Real-time Ultrasound-guided Subclavian Vein Cannulation versus the Landmark Method in Critical Care Patients

A Prospective Randomized Study

Mariantina Fragou, MD; Andreas Gravvanis, MD, PhD; Vasilios Dimitriou, MD, PhD; Apostolos Papalois, MD, PhD; Gregorios Kouraklis, MD, PhD; Andreas Karabinis, MD, PhD; Theodosios Saranteas, MD, DDS, PhD; John Poularas, MD; John Papanikolaou, MD; Periklis Davlouros, MD, PhD; Nicos Labropoulos, MD, PhD; Dimitrios Karakitsos, MD, PhD


Crit Care Med. 2011;39(7):1607-1612. 

In This Article

Abstract and Introduction


Objective: Subclavian vein catheterization may cause various complications. We compared the real-time ultrasound-guided subclavian vein cannulation vs. the landmark method in critical care patients.
Design: Prospective randomized study.
Setting: Medical intensive care unit of a tertiary medical center.
Patients: Four hundred sixty-three mechanically ventilated patients enrolled in a randomized controlled ISRCTN-registered trial (ISRCTN-61258470).
Interventions: We compared the ultrasound-guided subclavian vein cannulation (200 patients) vs. the landmark method (201 patients) using an infraclavicular needle insertion point in all cases. Catheterization was performed under nonemergency conditions in the intensive care unit. Randomization was performed by means of a computer-generated random-numbers table and patients were stratified with regard to age, gender, and body mass index.
Measurements and Main Results: No significant differences in the presence of risk factors for difficult cannulation between the two groups of patients were recorded. Subclavian vein cannulation was achieved in 100% of patients in the ultrasound group as compared with 87.5% in the landmark one (p < .05). Average access time and number of attempts were significantly reduced in the ultrasound group of patients compared with the landmark group (p < .05). In the landmark group, artery puncture and hematoma occurred in 5.4% of patients, respectively, hemothorax in 4.4%, pneumothorax in 4.9%, brachial plexus injury in 2.9%, phrenic nerve injury in 1.5%, and cardiac tamponade in 0.5%, which were all increased compared with the ultrasound group (p < .05). Catheter misplacements did not differ between groups. In this study, the real-time ultrasound method was rated on a semiquantitative scale as technically difficult by the participating physicians.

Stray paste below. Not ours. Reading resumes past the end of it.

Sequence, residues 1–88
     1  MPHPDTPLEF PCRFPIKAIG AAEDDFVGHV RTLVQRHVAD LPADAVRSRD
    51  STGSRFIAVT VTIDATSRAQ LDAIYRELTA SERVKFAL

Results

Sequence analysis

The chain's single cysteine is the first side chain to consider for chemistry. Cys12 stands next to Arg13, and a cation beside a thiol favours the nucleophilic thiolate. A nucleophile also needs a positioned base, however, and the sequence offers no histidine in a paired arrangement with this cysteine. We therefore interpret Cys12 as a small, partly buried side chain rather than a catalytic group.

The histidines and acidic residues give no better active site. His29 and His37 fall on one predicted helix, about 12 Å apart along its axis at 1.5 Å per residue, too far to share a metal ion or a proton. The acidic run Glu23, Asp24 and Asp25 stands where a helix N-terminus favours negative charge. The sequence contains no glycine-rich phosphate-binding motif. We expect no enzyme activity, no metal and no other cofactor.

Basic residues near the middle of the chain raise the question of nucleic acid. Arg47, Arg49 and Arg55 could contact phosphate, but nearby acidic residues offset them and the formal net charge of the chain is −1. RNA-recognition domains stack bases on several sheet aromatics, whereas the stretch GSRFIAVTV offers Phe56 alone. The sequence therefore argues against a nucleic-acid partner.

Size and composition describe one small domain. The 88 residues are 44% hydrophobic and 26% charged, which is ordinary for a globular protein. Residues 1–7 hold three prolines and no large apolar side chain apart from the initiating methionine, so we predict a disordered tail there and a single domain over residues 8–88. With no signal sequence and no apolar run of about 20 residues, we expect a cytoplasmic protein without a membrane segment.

Conclusions: The present data suggested that ultrasound-guided cannulation of the subclavian vein in critical care patients is superior to the landmark method and should be the method of choice in these patients. (Crit Care Med 2011; 39:1607–1612)


Central venous catheters play an important role in patient care, especially in the intensive care unit (ICU); however, their use is associated with various complications, even death.[1–5] Mechanical complications occur more frequently through the subclavian vein (SCV) route if compared with the internal jugular vein (IJV) and to the femoral vein routes.[6,7] Real-time, ultrasound-guided central venous cannulation results in a lower technical failure rate (overall and on first attempt), faster access, and a reduction in mechanical complications; nevertheless, this has been validated mainly for the IJV in previous reports.[8,9] Ultrasound-assisted location of the vein has been reported to have no effect on the rate of complications or failures of SCV catheterization in previous reports.[6] Most ultrasound studies of SCV catheterization used Doppler or "mark and go" techniques and not real-time (two-dimensional) ultrasound guidance.[10,11] Our team has previously demonstrated the superiority of the ultrasound-guided IJV cannulation as compared with the land mark method in critical care patients.[9] Furthermore, in our ICU, the overall rate of mechanical complications after "blind" SCV cannulation was approximately 15.8% out of 1000 catheterizations performed annually (unpublished data 2000–2005), which provided a clinical rationale for the present study. Hence, we compared the real-time ultrasound-guided approach with the landmark technique in the routine cannulation of the SCV in mechanically ventilated patients.